Case details

Defendant denied plaintiff hurt hand inside moving pickup





Result type

Not present

displaced, finger, fracture, metatarsal phalangeal joint hand, subluxation
On July 4, 2011, at approximately 7:30 a.m., plaintiff Jennie Ortega-Rinder, an unemployed 30 year old, was involved in an incident during a child visitation exchange outside of her Chowchilla home. Her estranged husband, Brian Rinder, arrived in his pickup truck and retrieved their three children for visitation, but as he drove away, Ortega-Rinder allegedly sustained to her right hand when she was in the proximity of the pickup truck. Ortega-Rinder sued Rinder. She alleged the defendant was negligent in the operation of his vehicle. Ortega-Rinder claimed Rinder aggressively sped away while she was standing inside the open, right, front passenger door, causing her right hand to get caught on something inside the door. She also claimed their 8-year-old daughter, Sarah, was unbuckled in the right, front passenger seat when Rinder sped away. Rinder claimed that Ortega-Rinder was provoking a fight in front of their children regarding the drop off time per their custody-and-visitation order. He claimed he called the Chowchilla Police Department and, while on the call, Ortega-Rinder seemed to back off and shut the passenger door, so he hung up. However, Rinder claimed that if Ortega-Rinder hurt her hand on his vehicle, she must have hurt it on the outside of the door handle after he started driving away. He alleged that as he was pulling away, he looked in the right passenger mirror and saw Ortega-Rinder putting her hand in the air, but that he assumed she was flipping him off and did not think she had hurt her hand., After the incident, Ortega-Rinder went to a hospital and underwent X-rays of her right hand. She was diagnosed with a fifth metacarpal base fracture with minimal displacement on her right hand, which was immobilized with a splint. She ultimately started a course of physical therapy in August 2011 and, by December 2011, an X-ray showed that the fracture had healed. Ortega-Rinder claimed she experienced issues with the small finger on her right hand, which sometimes snapped into a flexed position. She was later diagnosed with a sagittal band injury to the right small finger, resulting in ulnar subluxation of the extensor mechanism, and was recommended a Bellevue splint for six weeks. She ultimately underwent a realignment of the right small finger extensor tendon at the metacarpal phalangeal joint on Sept. 25, 2012. However, Ortega-Rinder claimed she developed stiffness after the surgery and required a right small finger metacarpophalangeal joint capsulectomy on Jan. 8, 2013. Ortega-Rinder claimed that her condition mostly improved after the two surgeries, in that while her small finger didn’t glide as smooth at the joint as her other fingers, she could still make a fist with normal extension. Thus, Ortega-Rinder sought $16,161.60 in past medical costs and an unspecified amount of damages for her pain and suffering. Defense counsel argued that Rinder did not cause Ortega-Rinder’s and that she should be awarded zero damages.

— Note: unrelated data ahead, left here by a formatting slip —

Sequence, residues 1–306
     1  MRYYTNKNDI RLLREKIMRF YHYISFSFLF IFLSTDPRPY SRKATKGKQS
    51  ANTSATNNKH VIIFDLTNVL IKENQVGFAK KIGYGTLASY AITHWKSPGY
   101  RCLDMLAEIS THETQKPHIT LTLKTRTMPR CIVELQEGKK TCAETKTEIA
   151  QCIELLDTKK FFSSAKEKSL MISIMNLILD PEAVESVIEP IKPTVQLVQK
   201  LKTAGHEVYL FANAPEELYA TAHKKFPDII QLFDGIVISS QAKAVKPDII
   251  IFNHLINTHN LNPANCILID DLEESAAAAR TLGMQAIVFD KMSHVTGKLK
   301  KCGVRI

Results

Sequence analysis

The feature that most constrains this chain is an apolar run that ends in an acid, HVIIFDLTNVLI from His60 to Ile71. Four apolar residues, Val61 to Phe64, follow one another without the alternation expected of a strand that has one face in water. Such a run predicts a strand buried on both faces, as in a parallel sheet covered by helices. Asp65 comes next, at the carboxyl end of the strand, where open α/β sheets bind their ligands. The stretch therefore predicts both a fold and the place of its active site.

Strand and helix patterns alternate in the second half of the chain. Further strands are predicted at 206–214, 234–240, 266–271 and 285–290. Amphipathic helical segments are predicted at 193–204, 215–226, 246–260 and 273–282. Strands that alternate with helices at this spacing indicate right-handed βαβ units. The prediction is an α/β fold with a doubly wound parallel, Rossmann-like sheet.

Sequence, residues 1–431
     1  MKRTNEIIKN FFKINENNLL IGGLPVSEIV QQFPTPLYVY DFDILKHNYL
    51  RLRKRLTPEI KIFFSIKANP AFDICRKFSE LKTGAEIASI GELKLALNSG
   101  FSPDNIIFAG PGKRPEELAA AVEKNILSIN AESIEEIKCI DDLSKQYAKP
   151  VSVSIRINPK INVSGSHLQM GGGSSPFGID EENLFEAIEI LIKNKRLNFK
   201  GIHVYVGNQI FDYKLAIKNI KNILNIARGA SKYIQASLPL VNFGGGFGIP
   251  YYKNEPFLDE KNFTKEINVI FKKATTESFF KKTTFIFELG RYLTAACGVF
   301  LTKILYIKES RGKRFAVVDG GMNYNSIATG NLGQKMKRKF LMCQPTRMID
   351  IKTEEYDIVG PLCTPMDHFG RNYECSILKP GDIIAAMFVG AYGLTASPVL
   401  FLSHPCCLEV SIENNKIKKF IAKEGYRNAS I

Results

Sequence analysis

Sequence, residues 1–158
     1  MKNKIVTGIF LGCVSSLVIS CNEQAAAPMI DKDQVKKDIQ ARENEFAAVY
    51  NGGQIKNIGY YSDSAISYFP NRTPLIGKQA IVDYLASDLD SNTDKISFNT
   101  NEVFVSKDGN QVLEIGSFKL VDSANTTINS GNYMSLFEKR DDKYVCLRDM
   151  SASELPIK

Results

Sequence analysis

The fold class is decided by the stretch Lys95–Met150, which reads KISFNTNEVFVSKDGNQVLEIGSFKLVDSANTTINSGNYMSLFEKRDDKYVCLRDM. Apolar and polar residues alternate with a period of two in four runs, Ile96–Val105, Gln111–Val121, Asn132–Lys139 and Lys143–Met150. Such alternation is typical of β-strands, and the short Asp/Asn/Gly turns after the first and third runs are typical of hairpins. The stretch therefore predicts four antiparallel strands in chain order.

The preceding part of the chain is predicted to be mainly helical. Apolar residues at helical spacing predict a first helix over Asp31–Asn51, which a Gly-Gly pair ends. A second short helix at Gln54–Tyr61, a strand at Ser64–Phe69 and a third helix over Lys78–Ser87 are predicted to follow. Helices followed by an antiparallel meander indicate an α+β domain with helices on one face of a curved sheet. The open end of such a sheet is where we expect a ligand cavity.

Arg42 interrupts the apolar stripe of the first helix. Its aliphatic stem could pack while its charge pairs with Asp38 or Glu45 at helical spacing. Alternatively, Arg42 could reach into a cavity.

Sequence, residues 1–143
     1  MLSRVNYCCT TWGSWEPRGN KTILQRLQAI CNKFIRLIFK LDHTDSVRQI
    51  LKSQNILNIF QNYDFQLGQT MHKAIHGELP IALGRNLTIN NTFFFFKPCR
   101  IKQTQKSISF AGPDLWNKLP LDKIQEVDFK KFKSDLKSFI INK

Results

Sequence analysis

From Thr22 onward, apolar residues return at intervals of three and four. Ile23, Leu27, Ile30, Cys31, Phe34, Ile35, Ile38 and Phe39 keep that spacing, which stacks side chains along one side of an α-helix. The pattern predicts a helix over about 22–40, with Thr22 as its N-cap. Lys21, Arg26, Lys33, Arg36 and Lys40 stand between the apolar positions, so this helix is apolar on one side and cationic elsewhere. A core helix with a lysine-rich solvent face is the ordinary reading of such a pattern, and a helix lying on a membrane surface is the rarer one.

Superior Court of Madera County, Madera, CA

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